Although us here in the gaming world could have seen this coming, the backlash against aggressive microtransactions has extended into the financial sector, where predictions and forecasts can consequences.
Analyst Doug Creutz from financial service and investment banking firm Cowen made statements yesterday regarding the performance of Activision Blizzard and EA’s stocks. “Game development times are getting longer, and R&D costs are growing faster than they had previously,” he said to clients, according to CNBC. “This isn’t a monopoly business … Angering your customer with bad [microtransactions] does matter.”
Creutz held the values of Activision Blizzard and EA’s shares at $66 and $104, which are seven and nine percent lower than the market’s close, respectively. According to Creutz, gaming industry “plans to further expand live services revenue appear to have run into some roadblocks with gamers sounding off against some recent titles.” He cites the uproar around the microtransactions in both Star Wars: Battlefront II and Destiny 2 (though in the case of the latter, Creutz also acknowledge other issues hindering the game’s view in the eyes of fans). “[Star Wars Battlefront II] has pretty clearly significantly underperformed expectations and remains without a live services revenue stream, while Destiny 2 has at the least suffered some unwanted engagement attrition,” Creutz said. “We suspect that 2018 will see a pullback on industry attempts to aggressively drive [microtransaction] growth as a result.”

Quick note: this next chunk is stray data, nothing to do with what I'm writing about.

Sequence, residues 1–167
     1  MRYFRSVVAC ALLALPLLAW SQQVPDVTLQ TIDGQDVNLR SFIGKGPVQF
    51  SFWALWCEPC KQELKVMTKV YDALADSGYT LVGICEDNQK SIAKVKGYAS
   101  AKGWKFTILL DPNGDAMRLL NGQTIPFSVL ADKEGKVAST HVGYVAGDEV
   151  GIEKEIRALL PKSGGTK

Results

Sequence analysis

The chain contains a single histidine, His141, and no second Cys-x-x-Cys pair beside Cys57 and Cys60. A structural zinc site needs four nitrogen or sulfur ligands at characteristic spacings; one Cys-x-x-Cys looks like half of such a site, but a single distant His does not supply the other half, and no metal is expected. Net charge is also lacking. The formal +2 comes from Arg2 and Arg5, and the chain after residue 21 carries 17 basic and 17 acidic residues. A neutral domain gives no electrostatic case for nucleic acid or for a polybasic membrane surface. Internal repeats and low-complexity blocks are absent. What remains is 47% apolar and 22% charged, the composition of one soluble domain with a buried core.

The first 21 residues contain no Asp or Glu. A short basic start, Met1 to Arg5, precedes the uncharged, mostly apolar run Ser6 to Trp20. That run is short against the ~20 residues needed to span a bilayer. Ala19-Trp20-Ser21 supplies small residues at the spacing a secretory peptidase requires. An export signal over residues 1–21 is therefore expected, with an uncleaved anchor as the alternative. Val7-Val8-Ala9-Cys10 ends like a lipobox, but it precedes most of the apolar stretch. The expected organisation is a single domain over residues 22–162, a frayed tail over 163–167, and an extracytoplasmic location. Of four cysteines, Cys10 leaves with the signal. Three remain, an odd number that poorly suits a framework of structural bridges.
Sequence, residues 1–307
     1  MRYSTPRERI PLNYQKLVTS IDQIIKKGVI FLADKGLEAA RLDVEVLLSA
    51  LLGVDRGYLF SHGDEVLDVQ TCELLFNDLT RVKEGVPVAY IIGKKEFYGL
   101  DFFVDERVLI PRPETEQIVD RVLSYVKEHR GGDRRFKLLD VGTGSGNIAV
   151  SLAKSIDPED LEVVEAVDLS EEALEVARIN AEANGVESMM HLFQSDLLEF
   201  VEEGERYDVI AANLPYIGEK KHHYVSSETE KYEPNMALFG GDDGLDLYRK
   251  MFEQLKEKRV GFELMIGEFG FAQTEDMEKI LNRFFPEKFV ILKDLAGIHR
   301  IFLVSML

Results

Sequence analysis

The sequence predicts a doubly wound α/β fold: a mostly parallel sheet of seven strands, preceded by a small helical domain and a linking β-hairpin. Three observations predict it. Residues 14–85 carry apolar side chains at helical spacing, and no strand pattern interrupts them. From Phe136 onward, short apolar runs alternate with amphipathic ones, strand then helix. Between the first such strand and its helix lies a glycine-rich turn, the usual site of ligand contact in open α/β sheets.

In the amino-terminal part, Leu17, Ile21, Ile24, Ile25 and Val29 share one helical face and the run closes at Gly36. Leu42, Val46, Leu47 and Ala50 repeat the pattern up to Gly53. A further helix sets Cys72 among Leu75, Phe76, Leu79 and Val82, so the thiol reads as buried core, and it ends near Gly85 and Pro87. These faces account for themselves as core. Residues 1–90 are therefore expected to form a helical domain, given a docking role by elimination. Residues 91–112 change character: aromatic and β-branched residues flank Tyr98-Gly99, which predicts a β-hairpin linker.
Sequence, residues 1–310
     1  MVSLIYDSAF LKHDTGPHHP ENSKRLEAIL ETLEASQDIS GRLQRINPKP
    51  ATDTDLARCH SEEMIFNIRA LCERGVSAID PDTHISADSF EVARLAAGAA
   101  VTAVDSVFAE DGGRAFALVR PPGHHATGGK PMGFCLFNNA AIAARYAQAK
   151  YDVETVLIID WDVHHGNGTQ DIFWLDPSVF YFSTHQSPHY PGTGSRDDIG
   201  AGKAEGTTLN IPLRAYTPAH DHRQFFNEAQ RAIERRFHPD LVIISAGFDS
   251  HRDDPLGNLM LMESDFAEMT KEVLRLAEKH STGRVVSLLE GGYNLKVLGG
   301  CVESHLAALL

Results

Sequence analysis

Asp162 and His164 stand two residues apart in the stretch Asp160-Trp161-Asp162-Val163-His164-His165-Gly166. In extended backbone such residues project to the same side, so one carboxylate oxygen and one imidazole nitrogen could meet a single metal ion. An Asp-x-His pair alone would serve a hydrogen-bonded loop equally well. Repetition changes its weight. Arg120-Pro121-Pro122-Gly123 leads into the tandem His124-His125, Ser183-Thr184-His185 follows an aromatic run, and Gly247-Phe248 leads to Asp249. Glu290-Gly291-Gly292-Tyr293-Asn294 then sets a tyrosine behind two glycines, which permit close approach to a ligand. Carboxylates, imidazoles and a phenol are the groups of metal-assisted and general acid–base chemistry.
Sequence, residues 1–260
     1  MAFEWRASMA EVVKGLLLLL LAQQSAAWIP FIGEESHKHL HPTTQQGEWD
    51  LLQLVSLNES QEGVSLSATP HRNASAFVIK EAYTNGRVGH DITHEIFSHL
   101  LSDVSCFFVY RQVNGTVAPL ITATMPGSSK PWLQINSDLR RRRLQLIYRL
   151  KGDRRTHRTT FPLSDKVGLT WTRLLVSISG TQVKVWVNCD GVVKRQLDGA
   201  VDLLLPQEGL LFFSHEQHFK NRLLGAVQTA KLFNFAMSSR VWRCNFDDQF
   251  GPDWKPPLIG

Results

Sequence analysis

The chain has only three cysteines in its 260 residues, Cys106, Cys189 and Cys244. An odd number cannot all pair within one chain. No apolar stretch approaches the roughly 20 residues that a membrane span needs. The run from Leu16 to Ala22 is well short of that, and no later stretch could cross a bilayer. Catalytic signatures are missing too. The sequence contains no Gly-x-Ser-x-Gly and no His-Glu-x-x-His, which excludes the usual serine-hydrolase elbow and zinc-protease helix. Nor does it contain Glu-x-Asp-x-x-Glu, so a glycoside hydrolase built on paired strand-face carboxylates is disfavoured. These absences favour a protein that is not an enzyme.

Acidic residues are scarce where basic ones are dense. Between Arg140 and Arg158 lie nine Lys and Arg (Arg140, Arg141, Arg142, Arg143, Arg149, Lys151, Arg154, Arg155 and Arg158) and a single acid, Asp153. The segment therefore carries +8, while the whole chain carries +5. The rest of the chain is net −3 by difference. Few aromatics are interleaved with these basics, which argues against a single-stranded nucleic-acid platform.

Microtransactions weren’t the only reason Creutz cited for the lowered valuation, however. He also pointed out that a combination of high expectations from investors and player dissatisfaction could be cause for more underperformance. “It’s not just that gamers are angry and complaining; there have clearly been performance consequences for the games involved. And in an industry where every company is dependent upon a relatively small number of franchises, this matters.”
Apart from the financial effects of overreaching MTX, there may soon be more legal ramifications for including loot boxes in games, as Washington state Senator Kevin Ranker recently introduced a bill to investigate whether they constitute gambling. For its part, EA has stated it isn’t giving up putting microstransactions in Battlefront II.
Whenever a controversy regarding publsihers’ actions and customers’ outrage at them arises, there’s an undercurrent of defeatism about whether anything will really change. But as the backlash against microtransactions continues to grow outside of acute outrage and into chronic distrust, it’s looking ever more likely that anger will start to affect publishers’ actions in a measurable way. Hopefully, this will manifest in us looking back at this time years from now and thinking “remember when tons of console games had microtransactions?”